Given the need to ensure women as part of the marginalized people were empowered economically, I successfully championed the reservation of 30% Government contracts for marginalized groups, which is now a legally recognized general principle of procurement and asset disposal in Kenya and is implemented through Access to Government Procurement Opportunities (AGPO).
Immediately after the 2017 General elections, I was elected Vice-Chairperson of the Council of Governors (CoGs) where I played a major role in negotiations between the national Governments and county Governments due to my past work experience.
3. With such an accomplished career life, paint for us a picture of what it means to be a woman in a Senior Management role in Politics and Governance; a sector that many women easily shy away from.
To be a woman in a senior management in politics and governance takes commitment and hard work. Like many women leaders across the globe and Kenya in particular, I have often had to work twice or thrice as hard to clinch any position dominated by men.
For instance, when I fronted my name for Vice-Chairperson of the Council of Governors against three other male candidates, in a room full of 44 men and only two other women, I had to put up a strong case that would persuade the newly elected male Governors to elect me.
In my political life, I have also had to deal with the ills of negative publicity fuelled by political opponents who believed I was rising faster than a woman should. Social media has made it even harder as the rate at which information, true or false, is disseminated is very fast. To make matters worse, the arguments against women often focus on mundane issues such as their physical looks rather than on their ideas and leadership capabilities.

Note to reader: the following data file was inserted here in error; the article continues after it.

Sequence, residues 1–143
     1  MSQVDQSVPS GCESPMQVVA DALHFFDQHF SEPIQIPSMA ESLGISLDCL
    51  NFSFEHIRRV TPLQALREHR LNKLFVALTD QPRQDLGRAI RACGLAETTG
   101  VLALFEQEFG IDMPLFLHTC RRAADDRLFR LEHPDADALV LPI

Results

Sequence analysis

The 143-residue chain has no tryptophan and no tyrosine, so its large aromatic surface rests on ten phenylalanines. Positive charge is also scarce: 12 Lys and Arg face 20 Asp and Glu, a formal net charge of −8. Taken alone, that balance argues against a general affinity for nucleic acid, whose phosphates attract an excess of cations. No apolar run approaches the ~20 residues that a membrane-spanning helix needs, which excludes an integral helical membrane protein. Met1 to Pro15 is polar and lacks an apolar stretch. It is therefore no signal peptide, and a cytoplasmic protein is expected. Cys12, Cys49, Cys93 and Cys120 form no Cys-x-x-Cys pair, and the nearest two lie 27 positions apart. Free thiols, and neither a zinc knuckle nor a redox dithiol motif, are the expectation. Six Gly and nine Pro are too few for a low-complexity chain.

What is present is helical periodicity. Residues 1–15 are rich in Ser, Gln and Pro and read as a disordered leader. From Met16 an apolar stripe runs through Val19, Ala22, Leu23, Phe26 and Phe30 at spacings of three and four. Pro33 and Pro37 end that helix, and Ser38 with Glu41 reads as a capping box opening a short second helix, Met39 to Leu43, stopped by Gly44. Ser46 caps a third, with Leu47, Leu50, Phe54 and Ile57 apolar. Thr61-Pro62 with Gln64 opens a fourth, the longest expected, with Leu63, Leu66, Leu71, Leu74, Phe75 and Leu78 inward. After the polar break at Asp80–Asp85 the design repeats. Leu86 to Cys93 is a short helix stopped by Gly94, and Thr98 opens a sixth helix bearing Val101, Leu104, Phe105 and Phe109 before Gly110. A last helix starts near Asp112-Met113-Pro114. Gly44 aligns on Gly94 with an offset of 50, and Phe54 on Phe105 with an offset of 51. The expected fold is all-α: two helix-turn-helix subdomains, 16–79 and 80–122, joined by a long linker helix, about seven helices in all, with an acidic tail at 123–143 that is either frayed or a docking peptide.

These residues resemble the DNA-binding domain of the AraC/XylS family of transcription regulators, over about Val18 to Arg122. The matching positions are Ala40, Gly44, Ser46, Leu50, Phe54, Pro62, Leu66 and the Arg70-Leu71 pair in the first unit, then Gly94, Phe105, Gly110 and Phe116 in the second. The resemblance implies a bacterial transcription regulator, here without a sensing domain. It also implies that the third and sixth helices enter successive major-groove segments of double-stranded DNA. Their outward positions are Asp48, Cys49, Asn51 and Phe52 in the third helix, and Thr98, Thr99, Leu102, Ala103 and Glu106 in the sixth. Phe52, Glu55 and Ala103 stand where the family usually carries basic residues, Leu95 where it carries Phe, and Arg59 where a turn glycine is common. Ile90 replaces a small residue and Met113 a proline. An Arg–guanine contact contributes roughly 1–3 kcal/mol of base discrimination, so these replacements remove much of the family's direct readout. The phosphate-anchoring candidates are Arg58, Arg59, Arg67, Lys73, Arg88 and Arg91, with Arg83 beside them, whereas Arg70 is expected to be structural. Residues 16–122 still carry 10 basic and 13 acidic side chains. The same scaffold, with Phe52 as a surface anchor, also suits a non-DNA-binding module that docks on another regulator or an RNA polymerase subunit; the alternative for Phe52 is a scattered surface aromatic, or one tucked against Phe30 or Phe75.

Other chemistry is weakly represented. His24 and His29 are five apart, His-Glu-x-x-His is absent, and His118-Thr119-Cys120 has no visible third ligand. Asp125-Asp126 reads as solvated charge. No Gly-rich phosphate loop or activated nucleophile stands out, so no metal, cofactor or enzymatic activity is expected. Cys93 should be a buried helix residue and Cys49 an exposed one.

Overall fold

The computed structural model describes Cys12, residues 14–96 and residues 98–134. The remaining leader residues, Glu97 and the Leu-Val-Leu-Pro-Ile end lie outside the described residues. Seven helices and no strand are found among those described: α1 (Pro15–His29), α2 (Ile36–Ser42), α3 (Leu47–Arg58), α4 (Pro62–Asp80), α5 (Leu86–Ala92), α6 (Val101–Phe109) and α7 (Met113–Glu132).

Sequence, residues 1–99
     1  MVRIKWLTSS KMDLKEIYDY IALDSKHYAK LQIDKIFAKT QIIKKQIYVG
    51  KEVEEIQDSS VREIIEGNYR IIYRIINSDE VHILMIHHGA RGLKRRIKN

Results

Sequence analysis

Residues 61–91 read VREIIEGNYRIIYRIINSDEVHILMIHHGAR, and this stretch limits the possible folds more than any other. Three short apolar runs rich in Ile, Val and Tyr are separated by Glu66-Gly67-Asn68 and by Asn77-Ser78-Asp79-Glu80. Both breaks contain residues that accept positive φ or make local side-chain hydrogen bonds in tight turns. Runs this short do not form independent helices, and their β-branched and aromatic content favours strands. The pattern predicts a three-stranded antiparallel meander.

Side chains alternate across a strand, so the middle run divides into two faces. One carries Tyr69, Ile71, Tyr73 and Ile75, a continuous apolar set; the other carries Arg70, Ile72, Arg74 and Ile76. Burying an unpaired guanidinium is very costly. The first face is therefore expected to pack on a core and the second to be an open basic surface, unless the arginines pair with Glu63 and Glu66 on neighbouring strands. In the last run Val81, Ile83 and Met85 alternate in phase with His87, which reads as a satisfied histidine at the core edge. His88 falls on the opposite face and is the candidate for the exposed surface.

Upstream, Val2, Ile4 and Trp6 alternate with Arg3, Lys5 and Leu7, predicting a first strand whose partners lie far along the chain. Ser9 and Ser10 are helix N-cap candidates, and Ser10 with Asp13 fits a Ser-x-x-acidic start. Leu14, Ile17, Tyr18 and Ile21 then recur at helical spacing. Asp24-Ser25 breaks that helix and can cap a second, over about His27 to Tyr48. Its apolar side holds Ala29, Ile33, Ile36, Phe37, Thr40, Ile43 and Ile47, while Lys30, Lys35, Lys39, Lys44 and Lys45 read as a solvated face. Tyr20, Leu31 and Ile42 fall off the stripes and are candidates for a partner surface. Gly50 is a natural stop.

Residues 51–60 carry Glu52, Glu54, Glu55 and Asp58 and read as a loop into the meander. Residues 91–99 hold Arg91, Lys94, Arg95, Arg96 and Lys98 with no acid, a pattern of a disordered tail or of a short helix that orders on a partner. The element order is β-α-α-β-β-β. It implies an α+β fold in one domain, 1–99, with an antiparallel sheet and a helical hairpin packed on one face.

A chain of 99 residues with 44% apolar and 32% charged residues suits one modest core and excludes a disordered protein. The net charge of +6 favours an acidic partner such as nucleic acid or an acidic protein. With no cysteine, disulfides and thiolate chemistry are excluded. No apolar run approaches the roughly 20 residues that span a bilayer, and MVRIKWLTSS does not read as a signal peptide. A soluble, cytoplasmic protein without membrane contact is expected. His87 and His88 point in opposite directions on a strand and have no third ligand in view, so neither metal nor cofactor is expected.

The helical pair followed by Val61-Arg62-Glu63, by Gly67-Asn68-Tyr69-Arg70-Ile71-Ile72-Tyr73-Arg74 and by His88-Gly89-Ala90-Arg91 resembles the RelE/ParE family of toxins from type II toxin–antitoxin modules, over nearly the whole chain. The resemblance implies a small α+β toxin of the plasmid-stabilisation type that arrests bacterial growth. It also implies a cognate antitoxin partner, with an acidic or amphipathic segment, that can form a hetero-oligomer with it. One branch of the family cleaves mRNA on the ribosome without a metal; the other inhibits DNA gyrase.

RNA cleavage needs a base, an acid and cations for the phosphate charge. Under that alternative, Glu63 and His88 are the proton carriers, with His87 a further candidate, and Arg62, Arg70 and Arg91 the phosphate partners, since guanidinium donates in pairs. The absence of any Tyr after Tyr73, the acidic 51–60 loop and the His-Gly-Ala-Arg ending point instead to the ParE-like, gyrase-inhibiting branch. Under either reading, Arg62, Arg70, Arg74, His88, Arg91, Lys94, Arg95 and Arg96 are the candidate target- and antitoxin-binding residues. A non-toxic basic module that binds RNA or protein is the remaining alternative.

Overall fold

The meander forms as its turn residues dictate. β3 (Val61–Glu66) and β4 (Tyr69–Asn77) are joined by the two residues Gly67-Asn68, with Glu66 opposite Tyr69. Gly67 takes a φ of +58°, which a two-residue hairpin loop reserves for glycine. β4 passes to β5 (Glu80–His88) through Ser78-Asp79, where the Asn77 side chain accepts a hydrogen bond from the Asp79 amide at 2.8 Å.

However, these challenges fuel my drive, my undoubted resilience, commitment to excellence, and ability to deliver complex tasks. Now I can say that the experience has elevated me to the level I am in. I believe that transformative leadership should be focused on influencing positive change in individuals and social systems that have hindered gender equality.
I am currently serving as the Chairperson of the Gender, Youth, Sports, Culture, and Social services committee at the Council of Governors. I believe that women leaders should band together to achieve equality in the social-economic and political landscapes in our countries.
4. From your experience over the years, how would you encourage women to a greater awareness that they can break barriers, influence, and occupy decision-making positions?
In my perspective, gender equality can no longer be a footnote. All women must commit to contribute towards an equitable and inclusive Kenya where we get enough women believing in themselves and coming out to fight for their spaces.
Women leadership is still greatly hampered by many obstacles including blatant and subtle attitudes and beliefs that women cannot reach leadership domains traditionally assigned to men.